Not many imagined that the United States would back out from a partnership that they themselves rigorously negotiated throughout 2016. Recently (with President Trump), America has actually backed out from a trade pact called Trans Pacific Partnership (TPP), which was being negotiated among 12 countries: the United States, Canada, Mexico, Peru and Chile in the Americas, and Japan, Australia, Vietnam, Malaysia, Singapore, Brunei and New Zealand in Asia-Pacific. These countries together contribute to 40% of the world’s GDP. TPP cannot be considered as “just” a trade agreement, as it also covered many other components like environmental commitments, intellectual property obligations, anti-corruption measures, protection of human rights, control of child labor conditions and other issues. It was also considered a balancing measure by many members for their one-sided relationship with China by re-engaging through the United States as a trading partner. As a result, Trump’s withdrawal has sent shockwaves through those who had pinned their economic hopes on this deal.
Withdrawal of the US from TPP will drive a deep dent into its prestige, as until now the US was seen as one of the biggest promoters of TPP. With this sudden turnaround, even their closest allies will now think twice regarding any future pacts. Additionally, this will be a huge setback on the United States’ foreign policy in the Asia-Pacific region. Another direct impact that might come to the forefront is the emergence of China as the biggest political and economic power in the Asian region, potentially filling the vacuum created by the US’s withdrawal. Close US allies such as Japan, Australia, Vietnam and Malaysia will now find themselves being forced to align themselves with China. The 16-nation Regional Comprehensive Economic Partnership (RCEP) will now be the focus for many TPP nations. While the RCEP is set to reduce tariffs, it leaves out key TPP proposals such as liberalizing economies, protecting labor rights, environmental standards or intellectual property. This will be a great opportunity for China to defer its own reforms and draw countries closer.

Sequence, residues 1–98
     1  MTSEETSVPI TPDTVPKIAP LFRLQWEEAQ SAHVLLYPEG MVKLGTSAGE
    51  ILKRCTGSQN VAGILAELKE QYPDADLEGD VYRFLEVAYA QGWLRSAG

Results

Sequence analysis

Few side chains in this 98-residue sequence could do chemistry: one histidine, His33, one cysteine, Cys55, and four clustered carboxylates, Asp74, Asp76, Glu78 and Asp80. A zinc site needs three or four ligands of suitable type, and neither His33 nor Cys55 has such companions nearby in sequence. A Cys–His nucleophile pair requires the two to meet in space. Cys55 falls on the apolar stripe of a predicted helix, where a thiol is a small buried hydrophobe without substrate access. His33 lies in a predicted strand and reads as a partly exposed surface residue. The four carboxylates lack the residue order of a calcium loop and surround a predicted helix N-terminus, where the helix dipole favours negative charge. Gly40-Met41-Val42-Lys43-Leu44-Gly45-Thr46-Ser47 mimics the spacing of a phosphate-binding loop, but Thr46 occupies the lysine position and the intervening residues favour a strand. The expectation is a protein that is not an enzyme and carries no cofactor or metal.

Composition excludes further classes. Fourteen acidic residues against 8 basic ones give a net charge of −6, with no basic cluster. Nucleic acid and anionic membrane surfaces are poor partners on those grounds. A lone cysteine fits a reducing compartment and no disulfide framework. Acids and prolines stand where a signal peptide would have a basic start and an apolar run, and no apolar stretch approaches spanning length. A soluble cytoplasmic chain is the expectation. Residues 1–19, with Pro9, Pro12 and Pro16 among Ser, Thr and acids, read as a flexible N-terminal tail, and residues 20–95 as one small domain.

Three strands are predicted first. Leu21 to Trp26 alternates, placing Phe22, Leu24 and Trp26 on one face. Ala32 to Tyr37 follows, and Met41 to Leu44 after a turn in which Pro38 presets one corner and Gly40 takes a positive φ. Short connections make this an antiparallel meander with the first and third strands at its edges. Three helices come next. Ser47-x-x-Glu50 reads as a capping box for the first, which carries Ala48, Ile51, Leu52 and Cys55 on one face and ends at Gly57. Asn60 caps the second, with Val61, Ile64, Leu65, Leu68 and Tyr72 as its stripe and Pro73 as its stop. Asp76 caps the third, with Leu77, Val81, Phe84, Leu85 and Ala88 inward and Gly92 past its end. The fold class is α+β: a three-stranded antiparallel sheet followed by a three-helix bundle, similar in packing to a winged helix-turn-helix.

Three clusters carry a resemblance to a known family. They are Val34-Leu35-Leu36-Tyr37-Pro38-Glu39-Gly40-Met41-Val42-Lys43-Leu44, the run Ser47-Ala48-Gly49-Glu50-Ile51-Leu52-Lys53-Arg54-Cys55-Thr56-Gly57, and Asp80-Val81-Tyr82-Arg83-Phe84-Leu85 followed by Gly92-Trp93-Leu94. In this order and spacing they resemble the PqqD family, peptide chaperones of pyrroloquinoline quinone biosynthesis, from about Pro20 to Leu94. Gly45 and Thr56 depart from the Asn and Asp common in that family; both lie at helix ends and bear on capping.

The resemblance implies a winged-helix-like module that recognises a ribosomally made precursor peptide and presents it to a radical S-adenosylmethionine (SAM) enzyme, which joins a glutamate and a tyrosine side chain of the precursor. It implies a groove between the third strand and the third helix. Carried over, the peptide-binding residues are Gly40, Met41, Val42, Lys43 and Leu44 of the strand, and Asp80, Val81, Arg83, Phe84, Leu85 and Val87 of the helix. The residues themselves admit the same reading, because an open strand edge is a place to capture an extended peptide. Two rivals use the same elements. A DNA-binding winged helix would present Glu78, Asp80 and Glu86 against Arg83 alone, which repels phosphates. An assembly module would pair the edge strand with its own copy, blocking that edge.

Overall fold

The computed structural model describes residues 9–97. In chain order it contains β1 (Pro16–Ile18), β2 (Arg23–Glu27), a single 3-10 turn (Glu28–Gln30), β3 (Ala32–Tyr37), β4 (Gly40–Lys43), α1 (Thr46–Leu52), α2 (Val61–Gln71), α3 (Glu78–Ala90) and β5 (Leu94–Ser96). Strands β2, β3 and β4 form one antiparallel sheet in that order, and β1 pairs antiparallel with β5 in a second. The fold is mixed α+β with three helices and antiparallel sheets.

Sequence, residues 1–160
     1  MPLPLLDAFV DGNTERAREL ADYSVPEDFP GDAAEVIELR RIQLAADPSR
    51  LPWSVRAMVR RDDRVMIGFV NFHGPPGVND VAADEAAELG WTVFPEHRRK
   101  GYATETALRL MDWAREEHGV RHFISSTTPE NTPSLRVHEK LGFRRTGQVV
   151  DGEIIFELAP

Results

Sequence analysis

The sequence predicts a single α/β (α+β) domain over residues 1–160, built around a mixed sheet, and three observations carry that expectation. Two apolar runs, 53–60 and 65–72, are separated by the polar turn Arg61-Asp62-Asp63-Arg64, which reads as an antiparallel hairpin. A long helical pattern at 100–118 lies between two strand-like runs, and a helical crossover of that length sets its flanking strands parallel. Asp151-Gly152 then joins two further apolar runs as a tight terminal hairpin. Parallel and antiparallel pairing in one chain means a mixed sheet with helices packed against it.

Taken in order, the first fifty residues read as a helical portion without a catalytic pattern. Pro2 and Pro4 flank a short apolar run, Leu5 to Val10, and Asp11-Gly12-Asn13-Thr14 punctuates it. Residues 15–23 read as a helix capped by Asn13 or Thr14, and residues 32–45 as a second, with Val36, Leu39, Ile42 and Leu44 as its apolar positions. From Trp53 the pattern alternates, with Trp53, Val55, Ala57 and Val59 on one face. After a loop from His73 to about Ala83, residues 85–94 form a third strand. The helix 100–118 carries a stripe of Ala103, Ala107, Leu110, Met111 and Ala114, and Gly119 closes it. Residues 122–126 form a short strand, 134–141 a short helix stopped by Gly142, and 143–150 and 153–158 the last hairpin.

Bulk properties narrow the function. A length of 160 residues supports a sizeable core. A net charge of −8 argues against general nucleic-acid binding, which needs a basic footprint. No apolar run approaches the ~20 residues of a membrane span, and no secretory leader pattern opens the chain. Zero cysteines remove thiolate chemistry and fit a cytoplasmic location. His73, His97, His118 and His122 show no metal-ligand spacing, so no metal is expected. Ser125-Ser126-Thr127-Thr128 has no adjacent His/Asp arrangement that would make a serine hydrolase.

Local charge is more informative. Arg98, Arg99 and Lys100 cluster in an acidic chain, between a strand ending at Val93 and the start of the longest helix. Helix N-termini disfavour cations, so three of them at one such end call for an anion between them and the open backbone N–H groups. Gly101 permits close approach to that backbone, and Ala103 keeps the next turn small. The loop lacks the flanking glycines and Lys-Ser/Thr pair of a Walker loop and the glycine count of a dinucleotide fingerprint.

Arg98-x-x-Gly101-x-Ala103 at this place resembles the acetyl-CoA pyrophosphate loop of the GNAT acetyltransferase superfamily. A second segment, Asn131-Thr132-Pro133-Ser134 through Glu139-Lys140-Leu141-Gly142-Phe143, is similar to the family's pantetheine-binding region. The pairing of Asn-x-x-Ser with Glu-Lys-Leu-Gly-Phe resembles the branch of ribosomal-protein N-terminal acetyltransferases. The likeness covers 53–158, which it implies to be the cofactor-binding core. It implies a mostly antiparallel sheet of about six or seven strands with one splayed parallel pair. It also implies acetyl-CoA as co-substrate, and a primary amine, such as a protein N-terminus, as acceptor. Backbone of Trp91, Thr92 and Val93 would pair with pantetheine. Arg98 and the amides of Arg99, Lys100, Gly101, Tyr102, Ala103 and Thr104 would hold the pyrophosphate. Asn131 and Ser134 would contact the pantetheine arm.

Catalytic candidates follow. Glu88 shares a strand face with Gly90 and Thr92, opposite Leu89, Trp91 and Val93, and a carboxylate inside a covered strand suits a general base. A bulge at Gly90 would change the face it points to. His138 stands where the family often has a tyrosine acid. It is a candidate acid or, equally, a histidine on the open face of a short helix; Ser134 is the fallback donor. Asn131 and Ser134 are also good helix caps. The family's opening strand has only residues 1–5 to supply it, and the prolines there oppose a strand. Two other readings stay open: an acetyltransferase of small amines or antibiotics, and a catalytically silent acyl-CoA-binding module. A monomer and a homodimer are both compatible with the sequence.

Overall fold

TPP was mostly considered a boon for the US agricultural sector. Asia Pacific is the world’s largest market for food and agriculture. More than 20% of U.S. farm products are exported. However, they face various foreign taxes in the form of tariffs, as high as 19% in Japan and 16% in Vietnam. Moreover, many countries impose export restrictions and provide export subsidies on food and agricultural products to promote their own domestic market, making it very difficult for American farmers to compete with them. TPP would have required its members to significantly reduce the tariffs, eliminate subsidies and reduce unpredictable export bans, thereby providing the US with new and commercially meaningful market access.
TPP would have also required complete transparency around the operations of agricultural exports, preventing any trading enterprise from receiving special government financing or restrictions on exports. It also would have ensured that all partners develop and implement food safety standards similar to those that are followed in the US, following complete scientifically-based criteria.
Abandonment of TPP is set to have a negative impact on the American agriculture industry, as it has shaken the hopes of the American agricultural sector of expanding their territory in Asia Pacific market with reduced tariffs and reaping huge future benefits. Currently, 25-30% of agriculture income for the US is dependent on international exports, and trade and adoption of TPP could have improved the agricultural sector of the region.
TPP could have helped the US increase imports of key commodities such as sugar from Australia and dairy products from other TPP countries such as New Zealand. However, the withdrawal has triggered the need for food and beverage companies to look for alternative sourcing destinations, such as Brazil for sugar, and Canada and Mexico for dairy products to meet their near-term requirements. The overall impact on food and beverage companies in US would still be minimal, though, as around 30-40% of US agricultural imports are from NAFTA countries (Canada and Mexico), whose doors remain open, at least for now.